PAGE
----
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using old postscript fonts in OS X - Mac Applications & Software

I've got a number of older adobe postscript fonts they came in two files: Woodtype Ornaments 2 file type: FFIL creator : DMOV file size: 14k WoodtOrnTwo file type: LWFN creator : ASPF file size: 42k My understanding is that the first file contains the basic font information and preview information, while the other contains the actual postscript code. Placing the first file (either alone, or with the second file) in ~/Library/Fonts allows it to be used in programs... Is it as simple as this? when do I need the second file? (I've heard that a lot of people have ...

  1. #1

    Default using old postscript fonts in OS X


    I've got a number of older adobe postscript fonts
    they came in two files:
    Woodtype Ornaments 2
    file type: FFIL
    creator : DMOV
    file size: 14k
    WoodtOrnTwo
    file type: LWFN
    creator : ASPF
    file size: 42k


    My understanding is that the first file contains the basic font information
    and preview information, while the other contains the actual postscript code.
    Placing the first file (either alone, or with the second file) in
    ~/Library/Fonts allows it to be used in programs...

    Is it as simple as this? when do I need the second file?
    (I've heard that a lot of people have problems with fonts, so trying to
    keep my eyes open for potential problems and then give them a wide birth)

    Thanks,
    Matt
    Matthew David Hills Guest

  2. #2

    Default Re: using old postscript fonts in OS X

    On Sat, 5 Jul 2003 19:09:55 -0500, Matthew David Hills wrote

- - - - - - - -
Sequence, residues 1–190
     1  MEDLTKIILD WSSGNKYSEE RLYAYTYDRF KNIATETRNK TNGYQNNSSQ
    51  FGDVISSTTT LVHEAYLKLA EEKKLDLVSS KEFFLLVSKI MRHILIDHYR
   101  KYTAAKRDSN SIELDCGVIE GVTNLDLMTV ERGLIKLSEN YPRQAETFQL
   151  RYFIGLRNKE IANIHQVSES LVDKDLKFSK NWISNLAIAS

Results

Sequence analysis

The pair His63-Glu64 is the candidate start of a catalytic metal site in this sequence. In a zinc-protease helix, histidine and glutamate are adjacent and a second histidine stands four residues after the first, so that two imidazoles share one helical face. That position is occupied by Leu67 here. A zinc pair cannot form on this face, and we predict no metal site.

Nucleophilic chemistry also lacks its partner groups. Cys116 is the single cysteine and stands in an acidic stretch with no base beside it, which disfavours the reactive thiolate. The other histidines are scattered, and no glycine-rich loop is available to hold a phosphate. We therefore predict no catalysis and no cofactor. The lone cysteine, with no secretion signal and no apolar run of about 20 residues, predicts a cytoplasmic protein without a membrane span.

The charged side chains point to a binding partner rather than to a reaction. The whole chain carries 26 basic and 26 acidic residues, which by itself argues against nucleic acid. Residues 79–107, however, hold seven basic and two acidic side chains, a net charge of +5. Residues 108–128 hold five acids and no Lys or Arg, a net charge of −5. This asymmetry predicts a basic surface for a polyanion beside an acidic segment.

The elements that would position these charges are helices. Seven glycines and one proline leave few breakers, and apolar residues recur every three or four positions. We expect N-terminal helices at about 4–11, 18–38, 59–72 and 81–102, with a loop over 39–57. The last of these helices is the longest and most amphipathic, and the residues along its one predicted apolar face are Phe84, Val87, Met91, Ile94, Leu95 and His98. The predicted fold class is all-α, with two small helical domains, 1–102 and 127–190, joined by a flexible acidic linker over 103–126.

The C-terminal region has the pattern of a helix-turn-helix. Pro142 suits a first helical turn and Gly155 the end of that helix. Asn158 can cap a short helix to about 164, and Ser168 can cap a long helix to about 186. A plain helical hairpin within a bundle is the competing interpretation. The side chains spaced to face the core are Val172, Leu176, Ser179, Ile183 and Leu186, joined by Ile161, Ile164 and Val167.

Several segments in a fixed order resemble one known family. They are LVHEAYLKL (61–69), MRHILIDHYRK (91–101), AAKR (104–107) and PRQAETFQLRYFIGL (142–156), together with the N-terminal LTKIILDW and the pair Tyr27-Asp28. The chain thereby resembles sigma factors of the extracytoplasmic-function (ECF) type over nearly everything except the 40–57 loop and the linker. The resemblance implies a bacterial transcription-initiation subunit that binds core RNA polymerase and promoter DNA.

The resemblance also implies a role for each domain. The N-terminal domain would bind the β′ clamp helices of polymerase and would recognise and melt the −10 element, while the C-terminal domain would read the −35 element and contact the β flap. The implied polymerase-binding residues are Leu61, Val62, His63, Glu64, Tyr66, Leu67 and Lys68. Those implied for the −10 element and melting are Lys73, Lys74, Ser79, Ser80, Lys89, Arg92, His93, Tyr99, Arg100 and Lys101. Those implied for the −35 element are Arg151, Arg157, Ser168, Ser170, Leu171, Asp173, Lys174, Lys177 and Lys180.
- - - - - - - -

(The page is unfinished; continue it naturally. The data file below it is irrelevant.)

(in message <be7pcj$mrr$1news.Stanford.EDU>):
    >
    > I've got a number of older adobe postscript fonts
    > they came in two files:
    > Woodtype Ornaments 2
    > file type: FFIL
    > creator : DMOV
    > file size: 14k
    That's the bitmapped screen font. If you don't have that, no app is going to
    know you have the font.
    > WoodtOrnTwo
    > file type: LWFN
    > creator : ASPF
    > file size: 42k
    That's the PostScript data, used for printing, and for screen prettifying of
    the bitmap.
    >
    >
    > My understanding is that the first file contains the basic font information
    > and preview information,
    It contains the resources required to show certain specific sizes on screen.
    For example, common font sizes are 9, 10, 12, 14, 18, and 24 point. Most
    bitmap font suitcases when distributed from the vendor contain at least two
    of those sizes. (Some fonts, especially display fonts like Wood Ornaments,
    have larger font sizes, such as 36.) due to the way that fonts were developed
    for the Mac starting with System 1.0, if the bit-mapped font suitcase isn't
    there the system won't see the font, period. (Note that things don't work
    that way with TrueType and/or Open Type fonts, but let's not go into that
    right now.) It was formerly a good idea to have several bitmapped font sizes.
    This has not been a requirement since Adobe Type Manager first was released;
    all you really need is one, if ATM is running. (Or if you're running OS X.)
    If you're _not_ running ATM on a system previous to OS X, proceed to Adobe's
    site and get a copy.
    > while the other contains the actual postscript code.
    Correct.
    > Placing the first file (either alone, or with the second file) in
    >> /Library/Fonts allows it to be used in programs...
    >
    > Is it as simple as this?
    yes.
    > when do I need the second file?
    If you want to print, and if you want to use a font size other than one of
    the sizes in the bitmap and don't want to see jaggies. The PostScript info
    allows the system to scale the fonts properly.
    > (I've heard that a lot of people have problems with fonts, so trying to
    > keep my eyes open for potential problems and then give them a wide birth)
    >
    > Thanks,
    > Matt


    --
    We are Microsoft of Borg. You will be assimilated. Stability is irrelevant.
    Where _you_ want to go to today is irrelevant. We will add your currency to
    our own. Bend over right now. Resistance is futile.

    Charles Dyer Guest

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